An essential component in the ubiquitous computing vision is the ability of detecting with which objects the user is interacting during his or her activities. We explore in this paper a solution to this problem based on wireless motion and orientation sensors (accelerometer and compass) worn by the user and attached to objects. We evaluate the performance in realistic conditions, characterized by limited hardware resources, measurement noise due to motion artifacts and unreliable wireless communication. We describe the complete solution, from the theoretical design, going through simulation and tuning, to the full implementation and testing on wireless sensor nodes. The implementation on sensor nodes is lightweight, with low communication bandwidth and processing needs. Compared to existing work, our approach achieves better performance (higher detection accuracy and faster response times), while being much more computationally efficient. The potential of the concept is further illustrated by means of an interactive multi-user game. We also provide a thorough discussion of the advantages, limitations and trade-offs of the proposed solution.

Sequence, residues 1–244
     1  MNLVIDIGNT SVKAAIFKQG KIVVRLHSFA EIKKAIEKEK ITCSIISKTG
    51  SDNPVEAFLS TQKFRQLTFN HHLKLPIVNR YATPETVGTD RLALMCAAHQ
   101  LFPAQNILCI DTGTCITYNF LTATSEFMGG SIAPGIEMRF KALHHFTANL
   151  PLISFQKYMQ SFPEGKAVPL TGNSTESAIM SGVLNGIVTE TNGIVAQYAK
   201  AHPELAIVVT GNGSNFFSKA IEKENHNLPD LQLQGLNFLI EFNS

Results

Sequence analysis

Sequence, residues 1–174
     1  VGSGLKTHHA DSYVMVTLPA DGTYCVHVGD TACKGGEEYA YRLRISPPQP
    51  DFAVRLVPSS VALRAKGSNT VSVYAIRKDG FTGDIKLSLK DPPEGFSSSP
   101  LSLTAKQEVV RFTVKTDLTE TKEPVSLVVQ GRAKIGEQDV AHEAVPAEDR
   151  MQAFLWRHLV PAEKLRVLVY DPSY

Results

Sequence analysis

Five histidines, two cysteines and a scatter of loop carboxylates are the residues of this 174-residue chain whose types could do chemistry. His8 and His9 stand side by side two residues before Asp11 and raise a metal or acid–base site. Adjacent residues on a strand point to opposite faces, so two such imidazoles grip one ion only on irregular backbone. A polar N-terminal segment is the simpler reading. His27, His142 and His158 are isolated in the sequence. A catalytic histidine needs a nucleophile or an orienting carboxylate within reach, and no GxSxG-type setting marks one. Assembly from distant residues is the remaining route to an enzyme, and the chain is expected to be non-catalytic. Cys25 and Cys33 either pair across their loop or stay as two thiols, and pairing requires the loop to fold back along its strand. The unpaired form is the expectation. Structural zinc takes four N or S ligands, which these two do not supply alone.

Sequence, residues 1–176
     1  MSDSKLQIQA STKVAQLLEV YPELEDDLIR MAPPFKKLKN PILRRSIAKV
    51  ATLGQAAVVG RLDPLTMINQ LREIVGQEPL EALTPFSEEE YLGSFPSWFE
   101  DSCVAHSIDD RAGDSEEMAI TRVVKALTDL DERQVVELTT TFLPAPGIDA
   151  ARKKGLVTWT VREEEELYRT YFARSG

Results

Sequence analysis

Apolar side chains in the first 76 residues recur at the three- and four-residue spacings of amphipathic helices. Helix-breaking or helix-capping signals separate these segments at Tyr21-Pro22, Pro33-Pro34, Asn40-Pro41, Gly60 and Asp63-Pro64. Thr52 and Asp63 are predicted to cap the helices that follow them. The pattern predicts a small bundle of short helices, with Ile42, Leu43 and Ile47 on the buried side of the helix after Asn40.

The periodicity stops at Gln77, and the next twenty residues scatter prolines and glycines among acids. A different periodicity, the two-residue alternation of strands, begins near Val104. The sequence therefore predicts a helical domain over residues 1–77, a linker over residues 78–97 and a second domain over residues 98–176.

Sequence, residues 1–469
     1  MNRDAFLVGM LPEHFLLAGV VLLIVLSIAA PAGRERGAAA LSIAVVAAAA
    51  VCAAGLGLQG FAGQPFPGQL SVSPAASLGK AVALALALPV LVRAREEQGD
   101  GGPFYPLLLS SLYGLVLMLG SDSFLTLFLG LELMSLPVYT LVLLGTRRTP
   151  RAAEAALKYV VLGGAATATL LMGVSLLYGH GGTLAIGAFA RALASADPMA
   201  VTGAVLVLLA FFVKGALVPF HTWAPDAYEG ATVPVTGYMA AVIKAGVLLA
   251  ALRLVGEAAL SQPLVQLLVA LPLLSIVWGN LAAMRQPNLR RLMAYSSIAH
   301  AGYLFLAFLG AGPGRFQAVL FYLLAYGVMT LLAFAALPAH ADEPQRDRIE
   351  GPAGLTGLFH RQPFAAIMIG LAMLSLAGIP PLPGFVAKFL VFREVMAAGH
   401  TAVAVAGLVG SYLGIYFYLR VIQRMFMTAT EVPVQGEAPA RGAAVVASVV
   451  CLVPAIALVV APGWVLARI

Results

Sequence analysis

- Smart Objects
- Interaction with Objects
- Compass Sensor
- Movement Correlation
Bosch, S., Marin Perianu, R., Havinga, P. J. M., Horst, A., Marin Perianu, M., & Vasilescu, A. (2012). A study on automatic recognition of object use exploiting motion correlation of wireless sensors. Personal and ubiquitous computing, 16(7), 875-895. https://doi.org/10.1007/s00779-011-0451-8